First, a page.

The Open Championship: Round-Up

makes a bold statement on the 147th British Open Championship

Matt Hills

Golf is a funny sport. It is more a mental test than a physical battle that typically defines a sport, and yet if you ask any golfer, they will say that consistent form is very hard to find in this game. Several follow up a birdie with a bogey, one strong round with a weak one, a championship title with a missed cut.

This makes Francesco Molinari’s Open win all the more spectacular, it means that in his last five events he has finished in the top two in four of them.

Molinari set himself up for his first claret jug and Italy’s first ever major golfing tournament with an opening three rounds of 70, 72 and 65 to leave himself six under par going into the last day, three shots behind the joint overnight leaders Jordan Spieth, Xander Schauffele and Kevin Kisner.

As the leaders began teed off, the feeling that several storylines could play out over the afternoon’s golf was prevalent. Indeed, one eventuality was almost written in stone as the favourites started.

Unheralded Englishman Eddie Pepperell, who later admitted he started his round slightly hungover, had taken the clubhouse lead on five under par, a scenario reminiscent of Paul Lawrie’s 1999 Open win, also held at Carnoustie. With the wind picking up in typical Links fashion, there was a general sense that already being in the clubhouse was an advantage with the leaders likely to drop shots.

However, as many wondered if Pepperell’s final day 67 would be enough to win, another storyline took centre stage.

Tiger Woods’ career is one that almost everyone knows the story of. The golfer many claim to be the best of all time, with 14 major wins including 3 Open Championships (the most recent of which was in 2006) suddenly found himself with a chance to have his fairy-tale comeback.

Tiger last topped the world rankings in 2014, before 4 different back surgeries saw his ranking plummet to a career low 1,005th as recently as July 2017. While he has found some form this season, not many expected to see Woods challenging to be Open Champion. However, with the leaders faltering, Woods briefly found himself with a one-shot lead, before dropping shots on the following two holes to really open the championship up on the back 9.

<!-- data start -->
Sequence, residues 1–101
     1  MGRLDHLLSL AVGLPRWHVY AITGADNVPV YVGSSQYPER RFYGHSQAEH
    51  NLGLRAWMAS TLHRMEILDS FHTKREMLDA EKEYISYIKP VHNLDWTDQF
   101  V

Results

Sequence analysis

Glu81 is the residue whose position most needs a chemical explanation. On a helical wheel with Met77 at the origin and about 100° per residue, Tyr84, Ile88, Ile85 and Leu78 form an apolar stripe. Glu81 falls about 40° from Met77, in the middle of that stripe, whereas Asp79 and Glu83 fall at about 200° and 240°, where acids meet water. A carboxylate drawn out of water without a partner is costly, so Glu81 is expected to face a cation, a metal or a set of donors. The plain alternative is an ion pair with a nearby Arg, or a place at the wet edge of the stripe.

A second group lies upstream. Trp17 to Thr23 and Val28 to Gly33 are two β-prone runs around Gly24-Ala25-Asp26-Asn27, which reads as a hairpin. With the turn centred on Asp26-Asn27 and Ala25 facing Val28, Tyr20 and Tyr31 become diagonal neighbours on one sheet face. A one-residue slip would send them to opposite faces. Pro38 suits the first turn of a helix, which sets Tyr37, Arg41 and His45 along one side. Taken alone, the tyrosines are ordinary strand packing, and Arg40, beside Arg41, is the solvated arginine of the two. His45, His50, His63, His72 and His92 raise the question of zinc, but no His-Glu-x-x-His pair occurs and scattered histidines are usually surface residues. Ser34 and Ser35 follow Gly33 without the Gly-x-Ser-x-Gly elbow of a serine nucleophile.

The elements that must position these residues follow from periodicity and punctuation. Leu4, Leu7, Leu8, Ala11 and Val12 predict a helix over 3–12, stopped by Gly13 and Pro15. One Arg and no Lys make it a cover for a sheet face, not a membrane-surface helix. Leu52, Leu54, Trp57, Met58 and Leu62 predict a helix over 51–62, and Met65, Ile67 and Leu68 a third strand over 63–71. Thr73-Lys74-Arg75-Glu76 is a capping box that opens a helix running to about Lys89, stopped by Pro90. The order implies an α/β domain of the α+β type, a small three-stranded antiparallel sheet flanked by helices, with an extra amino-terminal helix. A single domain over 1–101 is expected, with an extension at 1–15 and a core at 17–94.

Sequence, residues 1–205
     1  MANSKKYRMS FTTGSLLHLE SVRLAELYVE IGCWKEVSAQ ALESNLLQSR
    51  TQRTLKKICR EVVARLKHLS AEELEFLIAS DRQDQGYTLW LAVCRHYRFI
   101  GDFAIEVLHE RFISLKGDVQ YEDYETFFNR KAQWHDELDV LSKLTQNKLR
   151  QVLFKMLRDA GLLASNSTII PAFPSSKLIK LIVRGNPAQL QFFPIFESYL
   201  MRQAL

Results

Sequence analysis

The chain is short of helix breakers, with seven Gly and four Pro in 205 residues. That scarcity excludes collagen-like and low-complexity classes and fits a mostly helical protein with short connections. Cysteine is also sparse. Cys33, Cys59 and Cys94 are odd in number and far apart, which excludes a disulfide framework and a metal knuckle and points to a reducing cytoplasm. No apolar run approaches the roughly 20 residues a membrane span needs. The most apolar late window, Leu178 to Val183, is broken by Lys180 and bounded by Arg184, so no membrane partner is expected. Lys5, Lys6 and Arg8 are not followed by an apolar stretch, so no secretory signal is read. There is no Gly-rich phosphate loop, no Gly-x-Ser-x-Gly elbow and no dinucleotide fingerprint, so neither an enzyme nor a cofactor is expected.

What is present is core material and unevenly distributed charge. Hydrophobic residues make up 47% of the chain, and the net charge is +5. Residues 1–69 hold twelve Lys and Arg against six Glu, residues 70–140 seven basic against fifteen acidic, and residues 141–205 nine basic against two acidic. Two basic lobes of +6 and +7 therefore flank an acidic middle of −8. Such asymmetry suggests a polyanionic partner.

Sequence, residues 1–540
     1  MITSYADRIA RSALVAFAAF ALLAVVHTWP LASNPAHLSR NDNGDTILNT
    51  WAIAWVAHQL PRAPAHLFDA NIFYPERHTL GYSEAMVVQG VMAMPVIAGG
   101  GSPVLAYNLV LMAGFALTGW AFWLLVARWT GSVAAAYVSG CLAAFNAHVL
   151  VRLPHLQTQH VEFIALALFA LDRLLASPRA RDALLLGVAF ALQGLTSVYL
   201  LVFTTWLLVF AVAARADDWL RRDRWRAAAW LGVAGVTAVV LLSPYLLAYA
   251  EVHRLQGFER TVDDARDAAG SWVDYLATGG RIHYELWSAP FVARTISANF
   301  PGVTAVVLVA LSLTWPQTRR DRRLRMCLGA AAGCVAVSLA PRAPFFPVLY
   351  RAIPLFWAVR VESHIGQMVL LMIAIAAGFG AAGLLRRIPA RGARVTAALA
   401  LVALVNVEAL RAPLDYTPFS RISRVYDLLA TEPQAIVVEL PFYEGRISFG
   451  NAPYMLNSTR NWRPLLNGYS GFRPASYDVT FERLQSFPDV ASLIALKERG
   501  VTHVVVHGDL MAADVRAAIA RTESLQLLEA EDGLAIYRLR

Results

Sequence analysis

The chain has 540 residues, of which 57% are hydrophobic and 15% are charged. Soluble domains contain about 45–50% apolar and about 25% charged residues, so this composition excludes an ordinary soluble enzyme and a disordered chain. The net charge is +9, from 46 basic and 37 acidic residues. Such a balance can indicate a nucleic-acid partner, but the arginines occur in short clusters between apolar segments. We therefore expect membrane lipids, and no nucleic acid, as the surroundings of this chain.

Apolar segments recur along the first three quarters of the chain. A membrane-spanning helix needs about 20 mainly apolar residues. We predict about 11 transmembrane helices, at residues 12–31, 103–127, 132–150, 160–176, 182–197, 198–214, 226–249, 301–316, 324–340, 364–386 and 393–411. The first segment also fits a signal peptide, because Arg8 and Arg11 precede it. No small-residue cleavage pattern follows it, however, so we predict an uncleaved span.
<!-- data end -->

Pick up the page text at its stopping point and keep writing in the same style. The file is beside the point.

At one point there was a 6-way tie for the lead with big names beginning to smell blood. Justin Rose, who had been just out of contention all week, hit the flag with his second shot to the par 5 14th, giving himself an easy eagle putt which he combined with a strong finish to take the clubhouse lead at 6 under par. Within half an hour of Rose’s eagle on 14, Rory McIlroy’s challenge came alive on the same hole when he sank a monstrous 40ft eagle putt. Ultimately though, too many dropped shots earlier in the day curtailed the Northern Irishman’s challenge.

Amidst the leaderboard’s constant fluctuation throughout the afternoon, there was only one constant, the Italian Francesco Molinari hovering at the top. Such was his consistency that Molinari parred all the first 13 holes, before birdies on the 14th and 18th holes gave him the lead, a lead which he would not lose as his closest challenger still on the course, Xander Schauffele faltered on the 17th and was unable to make back the shot on the last.

And so, in a sport where inconsistency is consistently common, the man who has been able to find a little bit of steady form over the last couple of months has proven himself a worthy champion. Seeing off one of the strongest challenging casts ever seen in an Open Championship, where the cream really did rise to the top in Francesco Molinari, a worthy winner of the 147th British Open.